Note to self: make ginger beer
This is easy to do, so I should do it.
This is easy to do, so I should do it.
I’d also like to point out that Google is now useless for information about cooking, because almost all Google search results now point to vacuous sites that offer mundane, simplified recipes – often the same recipe endlessly repackaged. Bing is no better. It’s cooks.com and the Food Network ’til the cows come home.
My recent strategy has been to fool Google by combining the information I want with the name of a serious cook – Ruhlman or Keller or Bourdain – and then to look for results that are not written by that cook. This often gets you results from food blogs and other serious writers, not retreads from 1990’s supermarket magazines.
I'd really really like to take this on. I've been dreaming about "the perfect recipe website" for many years. Hint: it involves APIs.
Now that the Olympics are over, Oyama again has guanciale. I picked some up to cook while on Bowen.
The "traditional" recipes for guanciale are all pasta dishes (Bucatini alla Amatriciana, Spaghetti alla Gricia, Spaghetti alla Carbonara - here are recipes for all three plus instructions on how to cure your own guanciale).
Here are some non-traditional recipes I found online:
My recipe? I'm doing pasta with a bunch of Red Boar Kale.
I had a large kuri squash, and used it over several days. The small amount of cubed squash that I had leftover ended up being this single serving soup.
Monsoon Coast Spices on Salt Spring Island makes a wonderful Berbere: http://www.monsooncoast.com/spices/ethiopian_berbere.html
Storing this recipe link so I can find it again. Someone else on Twitter pointed out that it was my recommendation for the best recipe for refrigerator pickles :P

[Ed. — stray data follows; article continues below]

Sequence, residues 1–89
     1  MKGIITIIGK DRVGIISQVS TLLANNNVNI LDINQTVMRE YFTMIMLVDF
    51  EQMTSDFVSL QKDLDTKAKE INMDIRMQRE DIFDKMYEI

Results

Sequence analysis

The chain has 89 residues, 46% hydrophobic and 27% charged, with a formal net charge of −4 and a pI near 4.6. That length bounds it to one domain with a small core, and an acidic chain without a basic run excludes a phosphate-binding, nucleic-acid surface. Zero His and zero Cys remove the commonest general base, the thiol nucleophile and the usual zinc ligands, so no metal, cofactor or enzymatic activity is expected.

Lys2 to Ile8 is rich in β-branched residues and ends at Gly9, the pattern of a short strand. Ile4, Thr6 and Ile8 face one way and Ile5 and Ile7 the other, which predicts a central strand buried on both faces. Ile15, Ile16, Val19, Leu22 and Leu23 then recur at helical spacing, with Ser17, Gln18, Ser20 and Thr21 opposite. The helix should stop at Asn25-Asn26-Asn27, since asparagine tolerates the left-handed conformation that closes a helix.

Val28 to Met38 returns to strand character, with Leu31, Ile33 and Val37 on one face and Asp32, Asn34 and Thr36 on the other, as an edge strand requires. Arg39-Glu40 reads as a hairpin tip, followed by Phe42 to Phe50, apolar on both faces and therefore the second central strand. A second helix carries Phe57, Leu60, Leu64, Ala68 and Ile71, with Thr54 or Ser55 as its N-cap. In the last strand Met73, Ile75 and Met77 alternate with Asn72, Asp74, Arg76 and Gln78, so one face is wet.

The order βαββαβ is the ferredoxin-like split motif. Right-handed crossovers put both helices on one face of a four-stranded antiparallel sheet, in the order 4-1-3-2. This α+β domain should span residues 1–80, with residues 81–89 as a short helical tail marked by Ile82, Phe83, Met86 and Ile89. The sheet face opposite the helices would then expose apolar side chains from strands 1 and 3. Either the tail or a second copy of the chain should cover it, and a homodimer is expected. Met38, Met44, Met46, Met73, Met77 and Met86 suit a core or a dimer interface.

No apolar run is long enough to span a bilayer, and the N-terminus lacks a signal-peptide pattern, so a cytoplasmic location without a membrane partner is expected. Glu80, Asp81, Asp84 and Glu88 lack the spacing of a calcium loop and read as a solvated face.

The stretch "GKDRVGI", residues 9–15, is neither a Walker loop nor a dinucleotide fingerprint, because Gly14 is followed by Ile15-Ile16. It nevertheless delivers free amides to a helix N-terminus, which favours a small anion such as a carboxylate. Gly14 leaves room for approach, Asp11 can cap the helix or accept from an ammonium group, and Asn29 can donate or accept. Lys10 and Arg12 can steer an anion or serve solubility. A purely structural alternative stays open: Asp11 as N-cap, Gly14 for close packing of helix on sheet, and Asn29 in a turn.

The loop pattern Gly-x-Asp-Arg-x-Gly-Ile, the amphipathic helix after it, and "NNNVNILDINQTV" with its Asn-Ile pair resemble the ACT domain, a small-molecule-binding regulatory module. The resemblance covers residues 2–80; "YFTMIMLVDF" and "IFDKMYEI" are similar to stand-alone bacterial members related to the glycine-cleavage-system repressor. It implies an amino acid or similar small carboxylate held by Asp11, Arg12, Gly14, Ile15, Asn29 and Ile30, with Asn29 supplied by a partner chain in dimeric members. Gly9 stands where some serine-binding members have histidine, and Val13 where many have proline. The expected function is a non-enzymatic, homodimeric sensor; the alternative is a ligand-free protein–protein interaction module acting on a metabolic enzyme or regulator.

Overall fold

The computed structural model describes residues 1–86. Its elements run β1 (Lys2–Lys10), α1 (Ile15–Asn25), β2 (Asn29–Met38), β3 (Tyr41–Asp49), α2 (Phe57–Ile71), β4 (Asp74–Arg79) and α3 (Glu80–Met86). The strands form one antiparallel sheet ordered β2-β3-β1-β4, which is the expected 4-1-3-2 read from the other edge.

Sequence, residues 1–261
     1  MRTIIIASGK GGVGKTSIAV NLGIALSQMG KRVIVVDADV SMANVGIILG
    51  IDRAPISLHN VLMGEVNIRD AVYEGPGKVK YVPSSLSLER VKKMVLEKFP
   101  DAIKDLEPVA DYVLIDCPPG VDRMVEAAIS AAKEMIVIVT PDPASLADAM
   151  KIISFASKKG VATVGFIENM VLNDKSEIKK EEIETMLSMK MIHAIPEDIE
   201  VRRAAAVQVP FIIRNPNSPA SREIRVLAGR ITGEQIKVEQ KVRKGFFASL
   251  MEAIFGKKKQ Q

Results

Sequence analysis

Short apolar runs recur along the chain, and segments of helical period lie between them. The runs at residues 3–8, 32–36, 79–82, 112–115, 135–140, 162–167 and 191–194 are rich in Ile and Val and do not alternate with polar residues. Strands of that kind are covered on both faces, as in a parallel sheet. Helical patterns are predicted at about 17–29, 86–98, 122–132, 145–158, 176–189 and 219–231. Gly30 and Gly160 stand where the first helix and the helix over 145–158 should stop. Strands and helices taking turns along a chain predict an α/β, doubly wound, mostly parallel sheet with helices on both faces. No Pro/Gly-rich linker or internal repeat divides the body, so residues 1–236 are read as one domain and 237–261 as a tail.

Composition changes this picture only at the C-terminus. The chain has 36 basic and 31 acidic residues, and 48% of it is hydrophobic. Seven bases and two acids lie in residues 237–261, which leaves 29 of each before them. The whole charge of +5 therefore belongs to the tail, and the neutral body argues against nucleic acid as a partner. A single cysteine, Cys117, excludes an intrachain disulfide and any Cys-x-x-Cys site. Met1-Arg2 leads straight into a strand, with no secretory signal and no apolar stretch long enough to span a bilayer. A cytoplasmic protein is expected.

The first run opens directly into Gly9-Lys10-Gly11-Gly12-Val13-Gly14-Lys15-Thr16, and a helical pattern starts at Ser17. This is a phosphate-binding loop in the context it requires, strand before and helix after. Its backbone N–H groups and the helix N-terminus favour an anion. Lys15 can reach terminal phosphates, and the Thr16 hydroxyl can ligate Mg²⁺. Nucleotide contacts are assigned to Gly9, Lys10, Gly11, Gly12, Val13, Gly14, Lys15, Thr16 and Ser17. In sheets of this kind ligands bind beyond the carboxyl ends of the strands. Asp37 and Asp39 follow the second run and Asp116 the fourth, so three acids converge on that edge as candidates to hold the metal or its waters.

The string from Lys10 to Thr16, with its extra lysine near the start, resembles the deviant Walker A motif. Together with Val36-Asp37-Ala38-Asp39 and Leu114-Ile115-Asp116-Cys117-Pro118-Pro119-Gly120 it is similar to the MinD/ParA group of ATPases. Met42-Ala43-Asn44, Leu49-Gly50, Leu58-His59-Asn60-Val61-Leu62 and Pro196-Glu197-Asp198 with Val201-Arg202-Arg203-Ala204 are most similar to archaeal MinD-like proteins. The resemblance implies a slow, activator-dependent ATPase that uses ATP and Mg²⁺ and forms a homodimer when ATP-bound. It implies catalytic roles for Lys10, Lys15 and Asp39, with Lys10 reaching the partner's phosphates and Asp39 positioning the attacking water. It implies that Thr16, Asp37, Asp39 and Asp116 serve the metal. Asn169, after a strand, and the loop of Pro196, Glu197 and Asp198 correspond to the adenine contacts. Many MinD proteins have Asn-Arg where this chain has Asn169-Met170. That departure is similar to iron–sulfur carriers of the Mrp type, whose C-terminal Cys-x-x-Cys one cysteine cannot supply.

Cider Vinegar Barbecue Sauce:
- 1 1/2 cups cider vinegar
- 1 cup yellow or brown mustard
- 1/2 cup ketchup
- 1/3 cup packed brown sugar
- 2 garlic cloves, smashed
- 1 teaspoon salt
- 1 teaspoon cayenne
This is a good basic recipe for pulled pork made in the oven. I pretty much wing the dry rub these days, but the cider vinegar BBQ sauce ingredients above are good proportions that I always forget.
cup chopped onions
cup finely chopped celery
tablespoon olive oil
ounces cans of canned tomatoes
ounces can of coconut milk
stalk of fresh rosemary
tablespoon brown sugar
Pour olive oil in a large soup pot and saute onions and celery until onions become translucent.
Pour in tomatoes and coconut milk, dissolve the chicken bouillon cube in the cup of water and add it as well. Bring to a boil, then turn down heat.
Add the stalk of rosemary and let simmer for 30 - 45 minutes.
Remove the rosemary stalk and use a hand blender to puree the soup.
edit About Rosemary Tomato Soup
This was a very on-the-spot made up recipe. I was thinking that the stalk of rosemary would add some rosemary flavour, but I ended up simmering it quite a long time, so the resulting soup was
If you substituted vegetable stock for the chicken stock, this would actually be a vegan recipe.
I was configuring servers and it simmered a LOT longer than 30 minutes.
Parsnip and apple coleslaw
Serves 2 as a main meal, 4 as a small side dish
2 tbsp cider vinegar
1 tbsp good olive oil
1 tsp clear honey
1 tsp wholegrain mustard
100g red cabbage
1 Cox’s apple, or your preferred eating apple, weighing approximately 150g
Handful of fresh parsley leaves, roughly chopped
25g walnuts, roughly chopped
1 Place the vinegar, oil, honey and mustard in a small jar and season with a small pinch of salt and a good grinding of black pepper. Screw on the lid and give it a shake until it’s pale and combined. Taste, adjust the seasoning if necessary, and set aside.
2 Peel the parsnip(s) and slice out the woody core – you’ll end up with about 100g parsnip. Coarsely grate and place in a large bowl. Peel and coarsely grate the carrot(s) and add to the parsnip. Very finely slice the red cabbage and add to the bowl.
3 Quarter the apple and slice out the core. Coarsely grate the apple, discarding any large pieces of skin. Add to the vegetables with the parsley leaves and half the walnuts.
4 If the dressing has started to separate, give it a shake again, then pour over the coleslaw. Toss the salad to coat in the dressing and then divide between two plates. Scatter over the remaining walnuts and serve. For a more filling meal, serve it with a chunk of blue cheese and warm crusty bread (it’s also good with a greasy pork chop and apple sauce if you’re not vegetarian).